I took this photo standing on the ground where the German POW camp used to be during World War II at Fort Robinson. Those are buttes in the distance. The camp was actually a mile away from the main post at the fort.
It has a sort of stark beauty to it. I snapped this picture a few years ago during the winter, so it's a bit more dreary than the spring and summer months.
But I can't imagine how the Germans must have felt living in such a place. It's a far cry from the lush land of Germany. The wide open spaces must have been a shock to their system, as well. In fact, the richness of America astonished them. Their government had led them to believe that German bombs had devestated America. How surprised they must have been to see the United States not only intact, but thriving.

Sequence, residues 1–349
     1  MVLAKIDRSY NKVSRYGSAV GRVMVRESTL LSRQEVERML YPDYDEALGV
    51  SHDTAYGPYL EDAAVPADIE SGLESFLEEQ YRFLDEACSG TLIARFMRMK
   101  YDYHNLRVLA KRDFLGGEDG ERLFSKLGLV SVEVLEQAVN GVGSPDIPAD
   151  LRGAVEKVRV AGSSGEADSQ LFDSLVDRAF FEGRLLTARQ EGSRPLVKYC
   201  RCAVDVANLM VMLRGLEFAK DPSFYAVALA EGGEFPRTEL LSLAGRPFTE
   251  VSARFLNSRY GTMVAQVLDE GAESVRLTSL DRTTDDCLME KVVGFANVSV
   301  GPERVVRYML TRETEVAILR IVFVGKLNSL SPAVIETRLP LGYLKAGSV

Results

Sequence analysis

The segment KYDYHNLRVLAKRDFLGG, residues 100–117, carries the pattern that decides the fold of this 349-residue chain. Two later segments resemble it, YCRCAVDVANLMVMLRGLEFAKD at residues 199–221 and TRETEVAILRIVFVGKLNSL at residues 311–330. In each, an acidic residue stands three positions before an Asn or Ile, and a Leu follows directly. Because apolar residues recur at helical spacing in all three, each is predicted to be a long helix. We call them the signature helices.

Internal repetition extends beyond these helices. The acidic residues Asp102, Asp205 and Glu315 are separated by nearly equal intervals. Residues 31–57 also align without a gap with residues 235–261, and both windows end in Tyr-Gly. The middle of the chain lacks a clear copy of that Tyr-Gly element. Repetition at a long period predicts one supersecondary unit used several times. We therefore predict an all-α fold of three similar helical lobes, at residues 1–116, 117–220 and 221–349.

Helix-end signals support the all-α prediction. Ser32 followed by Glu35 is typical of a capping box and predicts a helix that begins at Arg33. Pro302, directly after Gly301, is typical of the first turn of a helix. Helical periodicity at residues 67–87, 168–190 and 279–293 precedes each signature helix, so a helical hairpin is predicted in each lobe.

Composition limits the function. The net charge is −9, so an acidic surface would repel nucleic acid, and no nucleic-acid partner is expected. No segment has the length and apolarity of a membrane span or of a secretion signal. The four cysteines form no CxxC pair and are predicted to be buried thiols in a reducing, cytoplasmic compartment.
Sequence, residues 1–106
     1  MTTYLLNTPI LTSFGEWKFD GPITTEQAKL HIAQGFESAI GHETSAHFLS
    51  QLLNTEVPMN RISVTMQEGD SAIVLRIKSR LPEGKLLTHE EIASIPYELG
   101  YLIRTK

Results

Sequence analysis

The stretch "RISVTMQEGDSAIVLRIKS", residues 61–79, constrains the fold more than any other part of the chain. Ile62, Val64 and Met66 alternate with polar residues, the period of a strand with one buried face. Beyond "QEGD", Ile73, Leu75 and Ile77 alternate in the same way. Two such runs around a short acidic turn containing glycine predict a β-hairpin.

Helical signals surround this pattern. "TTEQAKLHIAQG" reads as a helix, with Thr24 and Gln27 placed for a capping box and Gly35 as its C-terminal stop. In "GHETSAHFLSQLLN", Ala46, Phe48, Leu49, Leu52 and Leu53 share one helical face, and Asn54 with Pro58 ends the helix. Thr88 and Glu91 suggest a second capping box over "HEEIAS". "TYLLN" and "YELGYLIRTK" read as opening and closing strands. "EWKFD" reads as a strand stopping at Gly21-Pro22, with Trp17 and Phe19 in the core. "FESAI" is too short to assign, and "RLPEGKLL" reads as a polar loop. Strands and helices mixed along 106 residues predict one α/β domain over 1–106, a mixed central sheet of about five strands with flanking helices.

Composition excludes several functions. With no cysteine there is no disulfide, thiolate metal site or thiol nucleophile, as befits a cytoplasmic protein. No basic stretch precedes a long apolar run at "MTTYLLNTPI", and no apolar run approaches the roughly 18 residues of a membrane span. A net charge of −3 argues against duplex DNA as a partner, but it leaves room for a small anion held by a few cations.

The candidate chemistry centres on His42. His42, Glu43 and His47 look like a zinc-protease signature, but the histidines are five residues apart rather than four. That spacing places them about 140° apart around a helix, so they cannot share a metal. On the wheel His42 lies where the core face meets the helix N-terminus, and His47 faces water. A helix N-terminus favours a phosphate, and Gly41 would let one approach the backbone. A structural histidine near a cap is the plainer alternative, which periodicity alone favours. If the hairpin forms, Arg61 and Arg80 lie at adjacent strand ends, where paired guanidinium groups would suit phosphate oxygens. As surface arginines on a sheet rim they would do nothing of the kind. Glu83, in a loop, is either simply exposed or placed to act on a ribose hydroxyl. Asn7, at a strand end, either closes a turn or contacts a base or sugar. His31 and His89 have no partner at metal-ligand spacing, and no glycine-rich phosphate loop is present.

Nebraska still has those wide open spaces. Miles and miles of them. The first time I went to California, I was shocked. From Anaheim to L.A., it was nothing but houses. I couldn't fathom that at the time. Here in Nebraska, if you travel between two towns, there's always a stretch of land between you and your destination, not a steady string of buildings.
What's the whole point of this post? I'm not sure I have one. I just like to wonder sometimes at how our perspectives are shaped by our surroundings. Growing up in the city, one will have a vastly different perspective of the world than those growing up on a farm or in the country.
So here's my question...how do you feel your childhood surroundings shaped you?
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